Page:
I am a Ford/Lincoln guy. I havent owned one in about 10 years but I am a their guy. However Ford has done this before. Read somewhere about 5 years ago that Ford reviewed “stole” the software program for Ecoboost from a startup. Dont remember where I read it.
    I have said here before in these pages, about 10 years ago now I wrote to Ford with some ideas on how they could improve their engines. I didnt create any tech nor did I ask for money I just went to their site and explained to them that I thought that in order to get the best performance from their engines would be to have them. TT charged, 5 valves per cylinder, extrude hone process, direct injected for intake and outtake valves as well as losing 1000lbs from all trucks and SUVs as well as 700 from all car.

    A few weeks later I got an email telling me that they didnt owe me nothing and that I should not write on their boards anymore.

    I wrote them back stating that I didnt want anything and any idiot could have come up with my idea. I just loved your cars so much I just submitted what any Ford guy would. I am just some dude on a forum..thats it. I dont have an engineering degree and not connected to the car industry. I just love cars and wanted them to put in what I thought was the best tech at the time.

    I may buy a Flex or MKT in two years when I am ready to buy again but they make it hard when I hear stuff like this. its so Apple like..lol

  • avatar
    Luke42

    A hybrid F-150 with AWD and an electric power takeoff (“generator panel”) might just be enough to get me to put a pickup truck in the “heavy hauler” slot in my driveway. (I probably won’t use an F-150 as a DD, though.)

    I can see using it to tow and power a small/durable travel trailer in rustic places.

    I’m eagerly awaiting the chance to test drive a diesel Colorado, as well.

    • 0 avatar
      highdesertcat

      In my area and much of the Southwest, the pickup truck in any powertrain configuration is already the DD of choice for many.

      It is for me, all 5.7L of it.

      • 0 avatar
        Carlson Fan

        Even though my last two new trucks were a GMC PU and a Chevy SUV I again have to give Ford credit for continuing to push new technologies in the FS truck market. Even if you don’t agree with everything they are doing at least they are leading versus sitting back watching where the ball lands. If I had been shopping for a 1/2 ton PU in 2004 versus a 3/4 ton, I probably would have went with a Ford.

        This post was supposed to be at the bottom of the page.

    • 0 avatar
      brandloyalty

      As an unintended feature, the Escape Hybrid has a 110V outlet and a mode where it can be used, for instance, to charge cordless tool batteries. Such as at a remote worksite without a generator. It just starts up the gas engine now and then to keep the 12V and hybrid batteries charged. If Ford put their mind to it, such a feature could be even better executed in a hybrid pickup. Whether or not this would be important to many people, it could create a publicity buzz.

      Where are btsr’s comments on this Ford pickup hybrid idea? Huh?

      • 0 avatar
        Scoutdude

        The 110v outlet is not an unintended feature, Ford definitely choose to use the availability of the HV battery’s voltage and inverter to offer it. They will almost certainly offer that in the F150 I can see them offering something along the lines of what they have offered in the Escape and Fusion standard and a higher amperage version for contractors and other users with the need for that extra power. Something that can power a pancake/hot dog compressor, a circular saw and charge a cordless tool battery at the same time. Heck just offer a built in compressor and a ~2gal tank. That way the PCM can control the compressor in conjunction with cycling the engine.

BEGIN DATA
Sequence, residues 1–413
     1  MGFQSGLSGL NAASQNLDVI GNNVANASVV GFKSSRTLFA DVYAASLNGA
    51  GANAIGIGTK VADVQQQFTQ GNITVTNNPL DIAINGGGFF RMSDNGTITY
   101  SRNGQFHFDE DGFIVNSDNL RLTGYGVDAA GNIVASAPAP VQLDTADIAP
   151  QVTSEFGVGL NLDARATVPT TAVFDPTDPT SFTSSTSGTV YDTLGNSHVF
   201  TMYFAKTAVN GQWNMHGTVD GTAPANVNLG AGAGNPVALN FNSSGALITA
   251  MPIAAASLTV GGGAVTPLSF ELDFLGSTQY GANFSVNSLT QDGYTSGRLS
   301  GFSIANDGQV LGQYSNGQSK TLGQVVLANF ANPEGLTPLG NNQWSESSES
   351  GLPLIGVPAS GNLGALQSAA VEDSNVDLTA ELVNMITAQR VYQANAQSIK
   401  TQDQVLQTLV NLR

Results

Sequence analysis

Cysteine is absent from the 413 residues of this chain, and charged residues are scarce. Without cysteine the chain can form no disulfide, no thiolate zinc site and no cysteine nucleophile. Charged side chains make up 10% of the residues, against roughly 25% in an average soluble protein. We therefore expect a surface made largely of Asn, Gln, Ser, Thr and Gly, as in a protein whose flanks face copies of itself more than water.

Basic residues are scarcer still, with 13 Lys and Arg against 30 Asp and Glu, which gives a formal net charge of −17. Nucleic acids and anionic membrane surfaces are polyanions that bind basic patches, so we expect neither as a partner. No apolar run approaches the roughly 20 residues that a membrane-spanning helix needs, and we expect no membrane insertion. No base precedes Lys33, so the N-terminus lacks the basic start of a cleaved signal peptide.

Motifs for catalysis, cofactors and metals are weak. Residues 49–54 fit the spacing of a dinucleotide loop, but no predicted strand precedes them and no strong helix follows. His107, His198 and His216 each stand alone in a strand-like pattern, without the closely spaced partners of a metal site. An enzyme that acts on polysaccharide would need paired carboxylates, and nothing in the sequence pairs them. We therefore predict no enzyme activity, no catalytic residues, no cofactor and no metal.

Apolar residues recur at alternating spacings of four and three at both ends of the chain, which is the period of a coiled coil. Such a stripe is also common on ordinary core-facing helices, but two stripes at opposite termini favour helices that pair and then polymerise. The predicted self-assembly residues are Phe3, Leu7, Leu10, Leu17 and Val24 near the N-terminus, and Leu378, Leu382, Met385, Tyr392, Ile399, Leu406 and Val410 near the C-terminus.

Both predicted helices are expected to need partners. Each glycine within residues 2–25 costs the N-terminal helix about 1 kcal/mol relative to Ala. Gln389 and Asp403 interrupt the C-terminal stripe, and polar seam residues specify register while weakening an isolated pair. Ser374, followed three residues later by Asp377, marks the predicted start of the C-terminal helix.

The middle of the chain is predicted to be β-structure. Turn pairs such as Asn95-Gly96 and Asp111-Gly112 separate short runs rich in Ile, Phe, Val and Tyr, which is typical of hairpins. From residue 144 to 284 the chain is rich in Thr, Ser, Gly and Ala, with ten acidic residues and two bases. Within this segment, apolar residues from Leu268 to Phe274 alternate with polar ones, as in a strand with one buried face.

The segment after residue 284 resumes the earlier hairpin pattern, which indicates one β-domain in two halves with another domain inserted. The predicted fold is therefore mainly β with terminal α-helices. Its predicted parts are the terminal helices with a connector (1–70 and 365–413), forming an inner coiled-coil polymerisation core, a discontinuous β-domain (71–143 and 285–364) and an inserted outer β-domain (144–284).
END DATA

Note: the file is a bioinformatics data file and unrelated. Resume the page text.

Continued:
Have a little panel on the front of the bed side where there are a a couple of outlets for power and air and the controls for the compressor.

  • avatar
    DeadWeight

    The hybrid F-150 will come standard with au naturale (i.e. unshaven) truck nutz attached to the hitch & a neckbeard air freshener.

    • 0 avatar
      Lou_BC

      DeadWeight – if everyone were to stick to the “eco” theme with blue colouring then those “truck nutz” will be blue eco-nuts or maybe just call them “blue balls”.It works for Mercedes ;)

  • avatar
    Scoutdude

    The Hybrid F150 will do alright assuming that the premium for the Hybrid power train is similar to that on the Fusion. Of course it needs to be available on a range of trims from fleet to top of the line.

    Many fleets will buy them like crazy. Many agencies have policies that require an ever increasing percentage of “AFV”s and/or give preference/mandate that an AFV is purchased if a suitable one is available. That is a big reason why the big 3 offer at least 1 FFV powertrain option in their 1/2 tons.

    It doesn’t need to have a super high towing capacity. Most of the typical fleet uses never tow a trailer. Many of those that do tow a trailer are usually pretty light. The typical uses for a trailer are a small landscaping trailer, the message board signs and things like that. If the use case is towing big loads then most agencies use a 3/4 or 1 ton.

    Give it a ~2000lb payload and a 5~6K and that will be good enough to win a significant number of customers.

    They do need to offer a “work truck” option package with a robust 120v outlet for powering tools, lights ect. For many govt fleet uses the fuel savings vs having a truck idling all day long will be significant.

    Ford hybrids have a good reputation among fleet users who have had good experience with Escape, Fusion and C-Max Hybrids.